Michigan's Natural Communities

Volcanic Cobble Shore

State Rank: S3

Photo by Joshua G. Cohen
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Overview

Volcanic cobble shore occurs along Lake Superior, predominantly in coves and gently curving bays between rocky points. These mostly unvegetated shores are often terraced, with the highest cobble beach ridge typically supporting a shrub zone several meters above Lake Superior.

Landscape Context

Volcanic cobble shore occurs in the northern Great Lakes region of the United States and Canada, ranging across the Lake Superior shoreline of Michigan, Minnesota, and Ontario. This cobble shore type is derived primarily from the erosion of the Copper Harbor Conglomerates, but includes weathered and eroded sandstone rock derived from other volcanic formations of Precambrian age, including the Portage Lake Volcanics. These shores, which are regularly disturbed by wave action and winter ice movements from the lake, are much steeper than most other cobble beaches encountered on the lower Great Lakes. Most of the shore has little or no vegetation, probably due to regular disturbance by storm waves, which move and reshape the cobble. The highest beach ridge, where scattered shrub vegetation typically establishes, is disturbed only infrequently by the most severe storm waves.

Volcanic cobble shore is typically bordered along its inland edge by boreal forest, dry-mesic northern forest, or mesic northern forest, and occasionally by volcanic bedrock glade. Where streams flow through the community, northern shrub thicket may occasionally border its upper edge. Along the shoreline, volcanic cobble shore is interspersed with areas of volcanic bedrock lakeshore, volcanic lakeshore cliff, and sand and gravel beach.

Soils

Little or no soil development occurs on volcanic cobble shore. The few plants that establish probably root in sand and gravel deposits under the cobble, which can be more than a meter in depth. On the Keweenaw Peninsula, the size of the cobbles ranges from 2 to 3 cm (0.75 to 1 in) in diameter to over 20 cm (8 in) in diameter, and large sections of the shoreline consist of similar-sized cobbles. The largest cobbles are located at the extreme east end of the peninsula, where the cobble shoreline is steepest and storm waves the most severe.

Natural Processes

Storm waves, erosion by ice-blocks, and desiccation are the primary forms of natural disturbance and act to limit vegetation establishment. Storm waves and ice movement can rearrange cobble shore, form and remove terraces, and uproot and bury plants. Plant establishment in deep cobble is limited by desiccating conditions from full exposure to sun and wind and a lack of moisture during summer droughts. Groundwater seepage, storm waves, and streams, both perennial and intermittent, provide a source of moisture for vegetation in some areas of the community during dry periods. Windthrow is common along the forested edge due to strong winds associated with Lake Superior storms.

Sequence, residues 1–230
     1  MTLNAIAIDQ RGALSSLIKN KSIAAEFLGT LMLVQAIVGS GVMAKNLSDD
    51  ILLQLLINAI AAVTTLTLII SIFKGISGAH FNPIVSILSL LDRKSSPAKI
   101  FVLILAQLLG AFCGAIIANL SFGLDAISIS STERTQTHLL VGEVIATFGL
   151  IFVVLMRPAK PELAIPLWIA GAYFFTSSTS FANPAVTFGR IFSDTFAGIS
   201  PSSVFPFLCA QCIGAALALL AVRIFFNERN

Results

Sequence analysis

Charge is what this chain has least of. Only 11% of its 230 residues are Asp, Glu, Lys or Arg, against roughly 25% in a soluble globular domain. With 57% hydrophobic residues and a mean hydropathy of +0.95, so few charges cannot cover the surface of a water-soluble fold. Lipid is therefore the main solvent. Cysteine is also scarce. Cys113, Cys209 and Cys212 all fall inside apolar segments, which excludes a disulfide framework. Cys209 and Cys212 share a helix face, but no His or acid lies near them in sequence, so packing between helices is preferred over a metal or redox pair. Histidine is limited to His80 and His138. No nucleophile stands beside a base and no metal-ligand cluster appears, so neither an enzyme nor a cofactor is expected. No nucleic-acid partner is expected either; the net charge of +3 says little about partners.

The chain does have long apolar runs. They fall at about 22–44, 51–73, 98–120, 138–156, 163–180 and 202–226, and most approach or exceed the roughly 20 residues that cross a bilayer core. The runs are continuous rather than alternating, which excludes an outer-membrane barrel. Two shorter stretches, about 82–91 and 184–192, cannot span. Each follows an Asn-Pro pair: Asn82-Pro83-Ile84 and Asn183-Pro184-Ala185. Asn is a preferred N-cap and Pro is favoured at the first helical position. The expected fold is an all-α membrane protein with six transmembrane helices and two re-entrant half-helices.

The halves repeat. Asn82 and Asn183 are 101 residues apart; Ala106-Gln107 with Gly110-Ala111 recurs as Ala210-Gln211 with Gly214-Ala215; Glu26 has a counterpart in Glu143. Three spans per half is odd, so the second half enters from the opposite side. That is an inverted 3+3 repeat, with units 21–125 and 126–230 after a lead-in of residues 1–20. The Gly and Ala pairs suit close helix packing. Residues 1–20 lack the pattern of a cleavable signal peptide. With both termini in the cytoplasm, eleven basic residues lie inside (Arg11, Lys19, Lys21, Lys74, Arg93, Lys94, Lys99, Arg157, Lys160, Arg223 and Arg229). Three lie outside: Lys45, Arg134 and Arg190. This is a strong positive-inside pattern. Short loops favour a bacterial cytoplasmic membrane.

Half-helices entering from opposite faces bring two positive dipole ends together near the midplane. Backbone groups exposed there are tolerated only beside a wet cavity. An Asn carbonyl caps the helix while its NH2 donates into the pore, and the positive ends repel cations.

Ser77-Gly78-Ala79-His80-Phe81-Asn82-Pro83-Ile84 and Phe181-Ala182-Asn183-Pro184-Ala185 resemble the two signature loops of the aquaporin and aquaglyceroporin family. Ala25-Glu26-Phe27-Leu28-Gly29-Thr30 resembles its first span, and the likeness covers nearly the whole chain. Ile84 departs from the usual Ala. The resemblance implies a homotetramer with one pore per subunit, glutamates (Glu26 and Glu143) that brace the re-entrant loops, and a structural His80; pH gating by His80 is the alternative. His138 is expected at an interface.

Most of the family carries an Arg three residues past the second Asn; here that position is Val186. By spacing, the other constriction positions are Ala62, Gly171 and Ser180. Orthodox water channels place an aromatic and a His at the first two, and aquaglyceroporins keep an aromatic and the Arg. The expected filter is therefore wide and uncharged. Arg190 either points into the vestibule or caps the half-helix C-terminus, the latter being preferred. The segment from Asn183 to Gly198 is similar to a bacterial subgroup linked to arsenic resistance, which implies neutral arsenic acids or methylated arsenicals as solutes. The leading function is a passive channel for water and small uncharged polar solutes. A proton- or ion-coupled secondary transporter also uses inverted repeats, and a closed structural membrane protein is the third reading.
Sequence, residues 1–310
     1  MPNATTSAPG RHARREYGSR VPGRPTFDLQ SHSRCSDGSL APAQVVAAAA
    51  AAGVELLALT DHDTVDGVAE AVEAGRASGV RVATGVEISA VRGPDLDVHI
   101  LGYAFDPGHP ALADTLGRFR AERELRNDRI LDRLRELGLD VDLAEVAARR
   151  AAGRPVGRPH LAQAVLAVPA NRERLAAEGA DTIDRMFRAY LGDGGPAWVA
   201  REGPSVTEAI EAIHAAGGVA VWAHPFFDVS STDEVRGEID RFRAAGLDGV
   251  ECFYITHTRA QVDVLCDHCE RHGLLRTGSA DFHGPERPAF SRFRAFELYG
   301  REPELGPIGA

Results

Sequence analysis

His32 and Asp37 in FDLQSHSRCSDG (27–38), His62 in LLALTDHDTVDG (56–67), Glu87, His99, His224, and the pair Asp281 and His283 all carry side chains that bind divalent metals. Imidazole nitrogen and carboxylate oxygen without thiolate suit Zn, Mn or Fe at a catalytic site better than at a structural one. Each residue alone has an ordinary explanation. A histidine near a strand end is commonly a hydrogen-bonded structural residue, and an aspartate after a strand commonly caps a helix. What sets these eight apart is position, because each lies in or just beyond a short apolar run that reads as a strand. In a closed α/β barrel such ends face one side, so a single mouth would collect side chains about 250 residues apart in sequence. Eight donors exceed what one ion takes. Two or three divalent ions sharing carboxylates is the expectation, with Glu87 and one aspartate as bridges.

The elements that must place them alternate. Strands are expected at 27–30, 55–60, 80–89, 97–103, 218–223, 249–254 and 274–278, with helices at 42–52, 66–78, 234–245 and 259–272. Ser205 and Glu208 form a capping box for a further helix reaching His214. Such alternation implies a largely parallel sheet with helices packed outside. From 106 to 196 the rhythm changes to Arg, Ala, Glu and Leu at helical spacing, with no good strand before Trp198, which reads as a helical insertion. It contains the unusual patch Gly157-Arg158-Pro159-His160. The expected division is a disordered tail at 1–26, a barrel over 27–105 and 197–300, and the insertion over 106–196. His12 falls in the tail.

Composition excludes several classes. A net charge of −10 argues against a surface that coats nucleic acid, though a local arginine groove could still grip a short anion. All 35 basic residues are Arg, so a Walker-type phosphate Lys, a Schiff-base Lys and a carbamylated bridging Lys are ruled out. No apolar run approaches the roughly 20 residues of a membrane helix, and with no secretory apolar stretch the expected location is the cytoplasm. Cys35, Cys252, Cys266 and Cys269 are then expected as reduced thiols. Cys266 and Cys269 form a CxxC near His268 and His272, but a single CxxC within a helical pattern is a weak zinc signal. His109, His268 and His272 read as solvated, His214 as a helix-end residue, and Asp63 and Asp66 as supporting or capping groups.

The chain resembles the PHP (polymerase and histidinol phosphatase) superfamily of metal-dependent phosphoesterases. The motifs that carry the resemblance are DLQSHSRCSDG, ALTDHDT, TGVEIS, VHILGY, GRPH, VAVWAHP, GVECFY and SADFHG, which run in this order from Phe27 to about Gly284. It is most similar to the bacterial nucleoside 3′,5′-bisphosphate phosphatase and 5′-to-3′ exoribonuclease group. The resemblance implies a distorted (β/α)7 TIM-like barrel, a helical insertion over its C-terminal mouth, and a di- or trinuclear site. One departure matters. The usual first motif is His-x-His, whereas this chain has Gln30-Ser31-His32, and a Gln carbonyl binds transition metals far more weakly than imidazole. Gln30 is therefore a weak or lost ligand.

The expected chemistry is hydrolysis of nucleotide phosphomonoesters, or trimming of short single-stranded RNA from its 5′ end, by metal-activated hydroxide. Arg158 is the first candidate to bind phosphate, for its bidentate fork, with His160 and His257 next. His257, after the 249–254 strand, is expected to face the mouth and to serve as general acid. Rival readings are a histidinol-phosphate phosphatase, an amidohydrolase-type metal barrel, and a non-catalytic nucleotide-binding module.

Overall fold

Vegetation

Volcanic cobble shore is a sparsely vegetated community. On most sites, the lower beach is free of vegetation due to wave and ice action. Most vegetation is concentrated on the top of the coarse, cobble beach ridge, where scattered shrubs are typically dominant. The most commonly occurring species include ninebark (Physocarpus opulifolius), mountain alder (Alnus viridis), mountain ash (Sorbus decora), and marsh pea (Lathyrus palustris). Additional common herbaceous species include blue wild rye (Elymus glaucus, state special concern), evening primrose (Oenothera biennis), Canada dogwood (Cornus canadensis), bluejoint grass (Calamagrostis canadensis), grass-leaved goldenrod (Euthamia graminifolia), and horsetail (Equisetum hyemale). Additional common shrubs include wild red raspberry (Rubus strigosus), wild rose (Rosa acicularis), red-osier dogwood (Cornus sericea), bush honeysuckle (Diervilla lonicera), soapberry (Shepherdia canadensis), and northern gooseberry (Ribes oxyacanthoides, state special concern). Scattered trees are typically located along the inland edges of the community and include mountain ash, white spruce (Picea glauca), northern white-cedar (Thuja occidentalis), balsam fir (Abies balsamea), quaking aspen (Populus tremuloides), and paper birch (Betula papyrifera).